Trades of rice unlawfully exported from India are booming in the markets of Dubai though well-liked varieties cost more than twice the price they rose before New Delhi forbidden exports.

The Indian government said “its ban on exporting non-basmati rice was likely to remain in place for at least three months, but expatriate Indian traders in Dubai said it was easy to circumvent”.

The ban was enforced last month to safeguard India’s domestic supplies between fears of a food crunch and increasing inflation. Businessmen in the UAE, conversely, are still peddling well-liked Indian rice. While it costs more than double the normal price, Indian residents, particularly South Indians, are retorting it up as they plan for Onam, next month’s annual harvest festival. South Indians say they are equipped to buy the rustled rice for the Sept 12 festival despite the high prices.

“The Onam festival is coming and it is colourless without Indian rice,” said Anish Nambiar, a resident of Dubai. “An Onam without our favorite rice is not imaginable. Most people are purchasing and keeping up rice in preparation for the festival.”

Authorities cautioned last month that purchases of Indian non-basmati rice were rubbing up and would not last more than 10 days. Top rice has missing from supermarket shelves in the UAE. “We do not have the Indian non-basmati rice any more as it is mostly out of stock,” said a spokesman for the LuLu supermarket group.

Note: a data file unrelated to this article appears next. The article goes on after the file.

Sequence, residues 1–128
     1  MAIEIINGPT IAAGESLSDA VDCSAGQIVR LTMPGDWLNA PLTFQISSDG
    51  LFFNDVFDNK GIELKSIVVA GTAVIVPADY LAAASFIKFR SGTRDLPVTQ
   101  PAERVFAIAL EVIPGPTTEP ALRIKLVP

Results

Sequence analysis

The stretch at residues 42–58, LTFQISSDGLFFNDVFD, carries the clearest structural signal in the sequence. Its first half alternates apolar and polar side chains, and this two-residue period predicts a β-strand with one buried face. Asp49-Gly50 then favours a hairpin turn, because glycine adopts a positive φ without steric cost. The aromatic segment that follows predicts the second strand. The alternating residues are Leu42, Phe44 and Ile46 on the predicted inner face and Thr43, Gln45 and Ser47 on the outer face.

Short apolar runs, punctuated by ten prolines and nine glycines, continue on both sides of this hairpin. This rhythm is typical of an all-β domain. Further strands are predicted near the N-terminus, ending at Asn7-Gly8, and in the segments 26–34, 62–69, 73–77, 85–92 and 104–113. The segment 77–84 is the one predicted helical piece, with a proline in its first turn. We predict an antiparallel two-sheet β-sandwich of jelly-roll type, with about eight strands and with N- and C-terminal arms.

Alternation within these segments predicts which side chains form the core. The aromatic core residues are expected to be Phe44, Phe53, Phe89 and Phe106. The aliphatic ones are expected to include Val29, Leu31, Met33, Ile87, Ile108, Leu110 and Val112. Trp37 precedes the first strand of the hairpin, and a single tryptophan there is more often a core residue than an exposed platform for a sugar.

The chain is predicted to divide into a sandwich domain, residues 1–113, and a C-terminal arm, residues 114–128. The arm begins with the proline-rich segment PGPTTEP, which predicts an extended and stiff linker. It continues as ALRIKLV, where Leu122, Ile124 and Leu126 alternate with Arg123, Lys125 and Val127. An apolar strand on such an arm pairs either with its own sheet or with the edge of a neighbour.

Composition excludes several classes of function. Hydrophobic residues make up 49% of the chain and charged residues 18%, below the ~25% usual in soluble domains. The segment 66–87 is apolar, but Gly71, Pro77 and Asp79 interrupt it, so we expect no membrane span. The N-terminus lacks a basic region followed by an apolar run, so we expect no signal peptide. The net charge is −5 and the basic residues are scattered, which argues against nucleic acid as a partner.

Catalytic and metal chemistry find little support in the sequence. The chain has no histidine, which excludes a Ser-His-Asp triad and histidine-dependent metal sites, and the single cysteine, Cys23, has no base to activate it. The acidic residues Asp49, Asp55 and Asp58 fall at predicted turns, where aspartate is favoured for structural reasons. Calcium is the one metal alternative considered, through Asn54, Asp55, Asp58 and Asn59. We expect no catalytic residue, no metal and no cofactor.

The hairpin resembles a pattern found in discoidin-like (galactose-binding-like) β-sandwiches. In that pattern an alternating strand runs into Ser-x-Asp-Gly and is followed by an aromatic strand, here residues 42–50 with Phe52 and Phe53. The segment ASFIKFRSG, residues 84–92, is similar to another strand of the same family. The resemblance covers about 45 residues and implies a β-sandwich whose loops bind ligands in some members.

“New stocks are not available as India has banned export of this commodity.” Other supermarket chains have established that Indian rice is unattainable and the rice on their shelves is mostly from Thailand, Vietnam and Egypt. But popular Indian ranges of non-basmati are obtainable in shops in Deira, Bur Dubai and other areas; various is from old stocks and some is still coming from India, in cheekiness of the ban.

One trader said Indian businessmen were avoiding the ban. “Rice is exported on the pretext of rice powder or some other commodity,” he said. “It is easy to do this.”

Update of Indian rice for sale regularly spreads in the community in Dubai by rumors. Finest rice is said to be available in 5kg, 20kg and 50kg bags at some shops. Traders said a 20kg bag of popular Thanjavoor  Ponni rice could sell for Dh145 (US$39.50), compared with Dh50 before the export ban, but the price was still rising recklessly.

Alternative popular variety, Mota rice, is selling for Dh76, more than twice the price two months ago. Some Indians said shopkeepers were storing Mota rice in keenness of big sales before the Onam festival. “Shopkeepers say us that they will not sell the rice now but will save it for Onam when they can charge much more,” said Santosh Ravi, a Dubai resident.

The UAE traditionally imports more than 750,000 tonnes of rice a year, mainly from India and Pakistan, but also from Thailand and Egypt.

The Indian ban has made importers look further pitch in Asia for new supplies. Though, it has caused fright purchasing and the price of Thai rice, which the UAE is now smuggling in rising quantities, has risen 135 per cent. According to reports last month, UAE imports of Thai rice reached US$19.4 million (Dh72.3m) in the first three months of the year, matched with $8.3 million in the same period last year.

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